In the end, it took a whole five games for the Bruins to rid themselves of the Detroit Red Wings, a team that many saw as a bad playoff matchup for the President’s Cup trophy winners.
What’s it ultimately going to take for Montreal?
In years past, the Bruins would be glued to the TV set in the wake of a 4-2, Game 5 win over Detroit, ending the quarterfinal playoff series at 4-1, waiting to see if they would face the Columbus Blue Jackets (3-1 losers Saturday against Pittsburgh, which took a 3-2 series lead) or the Flyers or Rangers (series tied at two heading into Sunday’s Game 5) in the second round. That would have left the Canadiens duking it out with Philadelphia, New York, or Pittsburgh. But under the NHL’s new bracketology, the Habs, who swept the Lightning out of the first round, have been sitting and waiting for Boston since last Tuesday, with at least four more days to go. Realistically, they knew what most of us knew three games into the Detroit series: It was going to be Boston.
For the Bruins, this is much more difficult. For us, this is much more fun.
The only aspect to top the drama of a Bruins-Canadiens playoff series would be if it were for the conference crown one round later, but that would also prevent a Boston-Pittsburgh rematch, not to mention all the Jarome Iginlaness that would come along with it, from happening. What we have here is the best of both worlds. Step one. Step two. Bring on the Blackhawks.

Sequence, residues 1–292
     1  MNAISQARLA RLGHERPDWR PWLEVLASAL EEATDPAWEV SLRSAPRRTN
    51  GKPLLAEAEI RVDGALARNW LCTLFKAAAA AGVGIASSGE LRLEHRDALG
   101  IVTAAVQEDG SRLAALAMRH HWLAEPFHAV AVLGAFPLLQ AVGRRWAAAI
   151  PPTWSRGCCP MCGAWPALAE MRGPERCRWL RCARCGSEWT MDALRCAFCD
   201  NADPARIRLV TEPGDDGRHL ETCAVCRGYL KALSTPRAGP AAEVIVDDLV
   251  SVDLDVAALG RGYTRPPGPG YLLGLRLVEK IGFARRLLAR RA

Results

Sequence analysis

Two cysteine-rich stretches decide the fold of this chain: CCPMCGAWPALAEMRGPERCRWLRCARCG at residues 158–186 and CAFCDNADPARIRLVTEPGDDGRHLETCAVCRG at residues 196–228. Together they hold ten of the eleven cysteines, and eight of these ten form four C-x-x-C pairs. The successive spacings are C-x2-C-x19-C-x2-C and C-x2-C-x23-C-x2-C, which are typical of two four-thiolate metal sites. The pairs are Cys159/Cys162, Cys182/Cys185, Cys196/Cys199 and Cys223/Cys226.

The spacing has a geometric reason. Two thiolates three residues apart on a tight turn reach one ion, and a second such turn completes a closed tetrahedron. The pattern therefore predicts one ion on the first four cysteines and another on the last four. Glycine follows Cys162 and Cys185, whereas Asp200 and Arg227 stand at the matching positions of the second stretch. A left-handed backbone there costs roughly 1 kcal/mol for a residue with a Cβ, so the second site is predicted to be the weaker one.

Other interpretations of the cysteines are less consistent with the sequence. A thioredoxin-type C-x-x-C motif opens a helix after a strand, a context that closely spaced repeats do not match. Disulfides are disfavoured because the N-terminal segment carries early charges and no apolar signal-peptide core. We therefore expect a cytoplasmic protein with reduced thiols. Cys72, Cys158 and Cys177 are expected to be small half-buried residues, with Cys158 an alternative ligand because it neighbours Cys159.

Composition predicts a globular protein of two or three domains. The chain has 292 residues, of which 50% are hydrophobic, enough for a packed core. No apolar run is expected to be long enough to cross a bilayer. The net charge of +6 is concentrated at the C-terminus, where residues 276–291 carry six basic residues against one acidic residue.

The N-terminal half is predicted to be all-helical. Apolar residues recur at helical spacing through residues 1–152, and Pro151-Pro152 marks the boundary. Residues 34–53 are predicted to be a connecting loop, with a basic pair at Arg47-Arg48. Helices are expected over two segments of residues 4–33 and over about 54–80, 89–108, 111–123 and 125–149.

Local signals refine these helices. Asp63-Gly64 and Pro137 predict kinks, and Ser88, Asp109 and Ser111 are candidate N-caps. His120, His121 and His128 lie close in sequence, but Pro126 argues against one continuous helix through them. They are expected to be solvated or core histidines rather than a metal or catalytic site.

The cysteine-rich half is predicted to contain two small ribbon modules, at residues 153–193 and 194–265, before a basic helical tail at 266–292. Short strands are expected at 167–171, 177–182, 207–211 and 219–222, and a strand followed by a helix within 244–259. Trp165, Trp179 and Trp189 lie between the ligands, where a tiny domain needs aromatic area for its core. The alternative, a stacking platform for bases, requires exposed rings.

“It’s the fourth time now since 2008 that we faced them here in the playoffs,” said Bruins forward Milan Lucic, who scored his team-leading third goal of the playoffs in Saturday’s win, “first time that it isn’t a first-round matchup, so another Original Six battle that we get to be a part of and a lot of hatred between the teams, the fans, the cities when it comes to this kind of rivalry, so we expect them to bring their best. We saw what they were able to do in the first series, and we got to be prepared to come out and elevate our game as the playoffs move on.”
The Bruins were only 1-2-1 against the Canadiens during the regular season, but as we just saw against the Red Wings, you can take the cliché of the playoffs being a different season and a fresh start, to heart. The Bruins went 1-3 against Detroit this past season, then went and only outscored the Wings 14-6 over five playoff games.
“They’re a tough, tough, tough team to get to the net against,” Detroit’s Jonathan Franzen said. “They’ve done it so many years, they know how to win in the playoffs. Maybe this was the team that fit us the least. If we played against a more open offense, we could’ve been more successful. I think we battled, but we were maybe half a size too small.”